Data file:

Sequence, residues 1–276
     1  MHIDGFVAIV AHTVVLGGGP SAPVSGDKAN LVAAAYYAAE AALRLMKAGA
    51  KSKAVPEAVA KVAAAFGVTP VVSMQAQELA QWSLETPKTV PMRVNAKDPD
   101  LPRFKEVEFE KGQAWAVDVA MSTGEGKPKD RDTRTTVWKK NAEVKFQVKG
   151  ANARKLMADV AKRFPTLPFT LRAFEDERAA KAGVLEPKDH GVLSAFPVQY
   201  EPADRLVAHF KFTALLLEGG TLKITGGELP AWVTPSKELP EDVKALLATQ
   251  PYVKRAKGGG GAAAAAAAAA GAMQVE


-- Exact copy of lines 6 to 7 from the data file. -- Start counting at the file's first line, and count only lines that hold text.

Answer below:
   201  EPADRLVAHF KFTALLLEGG TLKITGGELP AWVTPSKELP EDVKALLATQ
   251  PYVKRAKGGG GAAAAAAAAA GAMQVE